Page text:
HotShots: Ian Maddox
HotShots: Ian Maddox
Photo Gallery Follows the Text
You seem to forgo the studio in favor of outdoor locations. What do you look for in choosing a place to shoot?
My approach to photography is very spontaneous. I usually have a direction in mind, but a lot of my favorite shots are the result of the models and me just forgetting what the goal is and having a good time. Usually when I’m out scouting I’m looking for an environment with both color and texture that lends itself to interaction, where I and whoever I’m shooting can just sort of dick around.
There are a lot of neutral colors that put emphasis on the brighter colors in your work. What other trademarks would you say define your portfolio?
I’m always trying to get my images to look the way I remember them being when I took them. For me that means color, contrast and energy. I feel no matter how good the photograph, it will always pale in comparison to the genuine article.
What influence has living in Los Angeles had on your work?
A few years ago I moved from the suburbs to LA with the sole ambition of being a photographer, so I’d say a lot. Los Angeles has become such a creative, art-driven city. They say there are a million photographers in it. If nothing else it keeps me competitive.
A lot of your model’s personalities seem to come out in your work. What do you look for in a model?
Someone I know I can get along with. Someone who understands that the ideal picture isn’t always one of them looking sexy, or elusive, or whatever. Someone with a good smile and a real goofy laugh who hopefully will understand I have their best interests at heart when I ask them to do something terribly dumb.
A lot of your albums are shot in and around LA in everyday locations. What aspects of life are you trying to capture with your work?
Depends on the shoot. No two are the same. I’m basically just trying to find or create a moment that’s interesting to look at for more than five seconds.
What do you want people who have viewed your work to think after viewing it?
I honestly don’t think too much about my own work once it’s done. I’m always more excited about the next shoot. In any case, if I thought what I did was too terribly important, I probably wouldn’t have as much fun with it.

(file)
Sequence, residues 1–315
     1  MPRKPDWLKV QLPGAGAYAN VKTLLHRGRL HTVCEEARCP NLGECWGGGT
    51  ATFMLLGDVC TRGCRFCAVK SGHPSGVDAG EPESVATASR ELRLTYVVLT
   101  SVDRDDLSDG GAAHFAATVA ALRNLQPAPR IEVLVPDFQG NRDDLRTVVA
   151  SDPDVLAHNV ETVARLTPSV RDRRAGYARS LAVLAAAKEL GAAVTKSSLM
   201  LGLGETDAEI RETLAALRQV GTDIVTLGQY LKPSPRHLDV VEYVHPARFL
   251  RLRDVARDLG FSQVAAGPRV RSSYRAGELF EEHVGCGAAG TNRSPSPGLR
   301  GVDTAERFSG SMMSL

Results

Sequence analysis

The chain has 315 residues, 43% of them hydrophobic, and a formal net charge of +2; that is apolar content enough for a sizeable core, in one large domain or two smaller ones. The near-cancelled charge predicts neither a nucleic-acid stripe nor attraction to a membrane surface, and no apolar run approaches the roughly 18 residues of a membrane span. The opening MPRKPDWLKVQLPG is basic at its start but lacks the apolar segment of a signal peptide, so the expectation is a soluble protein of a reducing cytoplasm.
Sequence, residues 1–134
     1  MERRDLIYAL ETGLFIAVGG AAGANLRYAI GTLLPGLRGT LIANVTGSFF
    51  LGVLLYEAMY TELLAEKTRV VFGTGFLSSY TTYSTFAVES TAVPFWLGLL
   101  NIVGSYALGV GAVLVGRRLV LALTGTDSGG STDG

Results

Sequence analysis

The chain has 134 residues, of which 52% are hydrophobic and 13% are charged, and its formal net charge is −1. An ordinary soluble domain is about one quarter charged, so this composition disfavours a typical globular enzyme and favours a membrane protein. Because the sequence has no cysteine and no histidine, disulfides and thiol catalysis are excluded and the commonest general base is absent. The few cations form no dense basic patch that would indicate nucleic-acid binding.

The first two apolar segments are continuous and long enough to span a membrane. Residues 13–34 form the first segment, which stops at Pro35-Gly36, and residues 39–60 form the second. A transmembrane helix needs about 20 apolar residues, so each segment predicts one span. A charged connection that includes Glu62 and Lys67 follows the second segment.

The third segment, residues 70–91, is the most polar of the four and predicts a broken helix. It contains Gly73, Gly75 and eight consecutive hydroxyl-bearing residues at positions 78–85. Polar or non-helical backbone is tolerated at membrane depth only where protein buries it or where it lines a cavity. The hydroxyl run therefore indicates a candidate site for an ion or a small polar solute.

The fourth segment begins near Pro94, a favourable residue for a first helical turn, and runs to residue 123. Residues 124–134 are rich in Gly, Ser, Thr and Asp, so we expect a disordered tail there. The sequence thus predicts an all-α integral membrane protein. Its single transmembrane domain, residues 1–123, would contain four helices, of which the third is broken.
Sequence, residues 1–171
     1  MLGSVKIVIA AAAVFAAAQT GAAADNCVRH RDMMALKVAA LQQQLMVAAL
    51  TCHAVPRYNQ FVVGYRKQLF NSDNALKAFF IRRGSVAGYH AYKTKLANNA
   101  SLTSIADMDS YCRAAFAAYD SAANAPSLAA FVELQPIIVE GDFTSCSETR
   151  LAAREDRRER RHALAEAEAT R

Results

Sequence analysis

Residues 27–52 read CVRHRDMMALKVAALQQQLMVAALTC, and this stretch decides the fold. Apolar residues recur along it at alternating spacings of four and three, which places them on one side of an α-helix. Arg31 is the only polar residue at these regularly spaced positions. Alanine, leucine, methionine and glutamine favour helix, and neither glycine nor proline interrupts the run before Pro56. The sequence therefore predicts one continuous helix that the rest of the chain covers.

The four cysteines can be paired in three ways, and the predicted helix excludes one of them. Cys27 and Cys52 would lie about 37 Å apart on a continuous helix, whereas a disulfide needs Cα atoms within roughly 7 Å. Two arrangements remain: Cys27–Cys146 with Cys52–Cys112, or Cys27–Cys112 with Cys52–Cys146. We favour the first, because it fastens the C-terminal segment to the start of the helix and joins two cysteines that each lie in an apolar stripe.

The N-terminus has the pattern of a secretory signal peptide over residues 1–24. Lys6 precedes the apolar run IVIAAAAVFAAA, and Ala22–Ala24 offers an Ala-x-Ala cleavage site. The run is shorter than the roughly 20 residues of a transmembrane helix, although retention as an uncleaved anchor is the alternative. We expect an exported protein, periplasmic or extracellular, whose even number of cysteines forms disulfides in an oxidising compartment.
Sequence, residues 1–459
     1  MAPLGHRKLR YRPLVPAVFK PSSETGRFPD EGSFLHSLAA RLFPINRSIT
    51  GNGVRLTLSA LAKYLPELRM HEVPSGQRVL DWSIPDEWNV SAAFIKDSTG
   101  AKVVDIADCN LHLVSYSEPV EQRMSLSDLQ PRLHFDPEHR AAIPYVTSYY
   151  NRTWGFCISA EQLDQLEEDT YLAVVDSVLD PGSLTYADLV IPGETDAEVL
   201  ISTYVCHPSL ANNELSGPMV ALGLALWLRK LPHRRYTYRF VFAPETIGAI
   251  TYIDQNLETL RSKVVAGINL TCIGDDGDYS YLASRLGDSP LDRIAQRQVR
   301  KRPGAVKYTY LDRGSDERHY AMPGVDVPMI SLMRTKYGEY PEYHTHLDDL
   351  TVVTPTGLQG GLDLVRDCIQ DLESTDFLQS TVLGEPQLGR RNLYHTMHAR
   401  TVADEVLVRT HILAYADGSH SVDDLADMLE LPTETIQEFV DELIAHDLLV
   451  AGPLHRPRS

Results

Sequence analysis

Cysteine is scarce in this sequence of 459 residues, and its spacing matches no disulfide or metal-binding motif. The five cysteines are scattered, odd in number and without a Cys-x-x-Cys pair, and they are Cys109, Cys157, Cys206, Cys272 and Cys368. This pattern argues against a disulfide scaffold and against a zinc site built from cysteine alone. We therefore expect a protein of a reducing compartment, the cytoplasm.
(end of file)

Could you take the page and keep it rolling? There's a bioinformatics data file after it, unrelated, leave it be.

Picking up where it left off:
Where do you look for inspiration?
Everywhere. Movies. Books. Magazines. I’ve amassed a pretty good Tumblr feed of other photographers I admire. I troll the internet like stalker for ideas. But I find I get the best moments by letting my subjects just be themselves, by giving them a prompt and letting them run with it.
What defines itself as a “great” photo for you?
Any photo that makes me curious, that makes me wish I knew more about the subject and what went on on either side of that fraction of a second.
Who would you say is your biggest influence as a photographer?
If you’d asked me a few years ago I would have named the greats. A photograph by Mert and Marcus will always leave me feeling inspired and humbled, but nowadays I’d say it’s the small handful of working photographers I’m fortunate enough to know, always banging out new and creative work, who influence me the most.
Do you prefer working with those that have tattoos?
Tattoos, women, black people, blue people, hot chicks, fat chicks, whatever. You shoot any one thing long enough and that thing comes to define you. Just give me a camera and something to photograph and I’ll do my best to make it look cool.
Do you usually know what results you’re trying to achieve in a shoot?
Yes and no. I’ve never had the patience or desire to sketch out every little minutia of an image, with ridged lighting to ridged posing, the way some people do. I usually know the context in which I want to shoot someone, but what results from within that is always a surprise.
Are there any special methods you employ as opposed to other photographers in the field? Los Angeles is a big town, what would you say sets you apart?
LA is a big town indeed, and I’m not sure if what sets me apart has yet to be seen. I don’t have any silver bullets as far as technique goes. I use whatever light works best at the time, and I always keep it simple. When I photograph someone I treat it more like I’m hanging out with a friend—we’re figuring something out together. So long as we’re having a good time, I get what I need in the end.